way - well, try reading the whole article out loud to yourself.

Use small words rather than big ones, provided you don't need
the big word for a more precise meaning or a delicate shade of

These are some of the basics. Beyond these, be kind to your reader.
Don't be repetitive with words. This isn't training for Opening
by Duplication, that great process known in the UK as Book and Bottle!
There are often many words in English that are similar enough and
amount to the same meaning. Buy a Thesaurus (a wordprocessing computer
software might have one). Use synonyms, then, when it works for what
you are writing.

Understand some of the things I am talking about by doing. Write

Use punctuation as 'music' for clarity, stress and pause.
Good punctuation is becoming rare; who loveth the semi-colon -
yea, and the dash?

But don't be afraid to now and then start sentences with a
And don't overdo it. Rules are made to be known and understood, at
which point some of them are seen as guidelines only.

Write in differing styles. Long, long sentence with long, long
have a style quite distinct from short paragraphs built of modest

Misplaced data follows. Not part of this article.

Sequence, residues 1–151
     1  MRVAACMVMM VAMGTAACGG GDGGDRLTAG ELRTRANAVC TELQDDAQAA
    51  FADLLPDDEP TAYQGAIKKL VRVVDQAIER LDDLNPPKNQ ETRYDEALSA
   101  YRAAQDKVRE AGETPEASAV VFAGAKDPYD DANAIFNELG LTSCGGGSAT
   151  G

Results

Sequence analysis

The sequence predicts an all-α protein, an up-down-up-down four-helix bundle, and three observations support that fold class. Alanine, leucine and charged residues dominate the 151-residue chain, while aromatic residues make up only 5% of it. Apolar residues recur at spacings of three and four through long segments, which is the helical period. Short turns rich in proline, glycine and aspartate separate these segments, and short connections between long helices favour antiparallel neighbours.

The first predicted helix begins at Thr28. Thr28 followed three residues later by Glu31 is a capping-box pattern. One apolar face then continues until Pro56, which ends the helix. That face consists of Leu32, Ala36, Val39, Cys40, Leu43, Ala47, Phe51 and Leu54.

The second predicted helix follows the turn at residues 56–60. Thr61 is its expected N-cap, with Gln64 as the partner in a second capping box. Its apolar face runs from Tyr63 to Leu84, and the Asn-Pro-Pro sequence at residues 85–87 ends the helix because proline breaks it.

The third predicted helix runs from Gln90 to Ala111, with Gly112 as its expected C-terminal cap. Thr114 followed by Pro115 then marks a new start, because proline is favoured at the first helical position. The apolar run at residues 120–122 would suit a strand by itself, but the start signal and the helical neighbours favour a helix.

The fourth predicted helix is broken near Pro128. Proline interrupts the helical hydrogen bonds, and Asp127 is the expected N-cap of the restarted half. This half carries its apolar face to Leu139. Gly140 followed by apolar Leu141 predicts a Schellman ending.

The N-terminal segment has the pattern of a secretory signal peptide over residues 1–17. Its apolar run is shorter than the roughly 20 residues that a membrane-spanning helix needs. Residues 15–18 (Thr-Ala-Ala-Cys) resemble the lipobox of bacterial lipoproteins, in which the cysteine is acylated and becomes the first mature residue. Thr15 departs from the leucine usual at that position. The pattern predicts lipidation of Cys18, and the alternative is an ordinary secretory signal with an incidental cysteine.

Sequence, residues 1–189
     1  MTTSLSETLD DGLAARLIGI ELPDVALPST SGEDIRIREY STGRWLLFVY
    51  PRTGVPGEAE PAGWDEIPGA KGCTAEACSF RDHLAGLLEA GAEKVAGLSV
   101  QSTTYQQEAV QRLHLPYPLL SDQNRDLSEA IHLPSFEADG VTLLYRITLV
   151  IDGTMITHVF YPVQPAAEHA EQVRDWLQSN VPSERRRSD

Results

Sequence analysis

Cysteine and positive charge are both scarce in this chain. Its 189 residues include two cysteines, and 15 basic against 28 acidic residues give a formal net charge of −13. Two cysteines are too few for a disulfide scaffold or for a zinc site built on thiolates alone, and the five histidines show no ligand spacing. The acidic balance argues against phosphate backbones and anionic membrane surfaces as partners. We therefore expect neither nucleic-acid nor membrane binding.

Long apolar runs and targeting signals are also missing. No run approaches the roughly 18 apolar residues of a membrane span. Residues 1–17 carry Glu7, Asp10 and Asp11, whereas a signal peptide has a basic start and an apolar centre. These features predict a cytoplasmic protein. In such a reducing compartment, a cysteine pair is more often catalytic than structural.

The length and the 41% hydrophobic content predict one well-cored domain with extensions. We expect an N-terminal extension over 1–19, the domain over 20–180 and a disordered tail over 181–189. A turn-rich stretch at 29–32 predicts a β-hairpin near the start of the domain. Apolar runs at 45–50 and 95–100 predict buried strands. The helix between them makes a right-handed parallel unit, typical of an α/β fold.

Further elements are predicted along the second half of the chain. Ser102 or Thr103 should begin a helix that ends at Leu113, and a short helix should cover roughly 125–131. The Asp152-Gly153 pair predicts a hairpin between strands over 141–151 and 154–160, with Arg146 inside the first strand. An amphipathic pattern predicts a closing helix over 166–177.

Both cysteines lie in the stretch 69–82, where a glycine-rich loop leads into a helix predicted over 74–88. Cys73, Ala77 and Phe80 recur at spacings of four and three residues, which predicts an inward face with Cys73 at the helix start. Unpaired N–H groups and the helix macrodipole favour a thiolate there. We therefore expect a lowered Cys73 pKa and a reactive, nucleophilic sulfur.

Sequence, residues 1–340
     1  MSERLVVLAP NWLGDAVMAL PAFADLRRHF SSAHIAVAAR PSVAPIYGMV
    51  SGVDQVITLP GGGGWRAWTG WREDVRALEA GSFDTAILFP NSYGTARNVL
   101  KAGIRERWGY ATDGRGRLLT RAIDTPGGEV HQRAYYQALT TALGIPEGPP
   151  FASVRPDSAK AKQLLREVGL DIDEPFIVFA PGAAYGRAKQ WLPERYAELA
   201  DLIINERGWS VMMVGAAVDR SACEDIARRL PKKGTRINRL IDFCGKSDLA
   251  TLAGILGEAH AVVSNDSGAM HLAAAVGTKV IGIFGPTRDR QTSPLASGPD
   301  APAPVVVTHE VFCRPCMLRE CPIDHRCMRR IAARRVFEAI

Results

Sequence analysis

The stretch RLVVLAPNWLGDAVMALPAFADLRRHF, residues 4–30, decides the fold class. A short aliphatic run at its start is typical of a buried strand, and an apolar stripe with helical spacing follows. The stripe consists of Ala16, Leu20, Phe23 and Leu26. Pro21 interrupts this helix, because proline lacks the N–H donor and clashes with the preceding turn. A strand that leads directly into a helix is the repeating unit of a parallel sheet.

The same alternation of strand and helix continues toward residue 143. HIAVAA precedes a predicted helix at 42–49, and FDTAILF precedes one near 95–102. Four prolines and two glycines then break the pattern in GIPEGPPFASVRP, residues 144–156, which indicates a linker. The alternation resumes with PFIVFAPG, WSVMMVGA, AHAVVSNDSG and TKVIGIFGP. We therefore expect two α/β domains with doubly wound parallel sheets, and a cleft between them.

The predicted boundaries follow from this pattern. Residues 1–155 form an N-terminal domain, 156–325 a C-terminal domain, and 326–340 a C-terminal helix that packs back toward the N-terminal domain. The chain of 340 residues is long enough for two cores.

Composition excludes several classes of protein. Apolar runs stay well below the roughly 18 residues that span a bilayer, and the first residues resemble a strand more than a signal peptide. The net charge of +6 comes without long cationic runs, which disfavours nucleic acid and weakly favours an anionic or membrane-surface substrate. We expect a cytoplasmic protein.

sentences. Play with styles. Find how some styles suit one subject,
some another. This makes for flow in the eye, the mind, the ear.

Clauses. This sentence has one clause. This sentence, a bit
longer, now has three. As to this one, it has two. And this one, going
on and on, moving over here and there, and you try to keep track of
all the ideas being stacked up, well this one, this one has so many
damn clauses you begin to wonder what the heck the writer was on about
by the time you arrive at the buffers at the other end; and look at
the length of the clause before last; and this was an easy sentence,
not your ten years in the penitentiary (prison) for hard labour.

For magazine articles, keep sentences short, but not abrupt. Flow,
baby, flow! Paragraphs, quite short, not silly-like though. Have a
main idea. Deliver it sufficiently. Any secondary ideas of importance,
deliver those. Now knit them together, expanding them. Start your
article, proceed through it, stop it.

Professionally, one starts an article with a punchy paragraph and
ends in the same way. Don't let the thing peter out. Good TRs on the
reader, all the way through. Leave the stage with the audience
and remember to invoice the editor.

A story

I'll leave you with this (secondhand) story. Tales of L. Ron, issue
one billion and 99, sub-edition 246. Ron tells us on one of his tapes
that he was at a meeting of writers, I suppose back in the Forties,
and they were all pretty successful people. They began talking about
their qualifications to do the job, and most of them had zero
Yet here they were, making a living at it, enjoying what they did,
entertaining their readers. Then one voice from the back said that
he had a qualification. Ah.

Know what he was? Not a writer at all, but a book reviewer.

Like Ron said, 'Just, do it!'

And what better a note to quit on?

Mon Jul 17 19:04:03 EDT 2006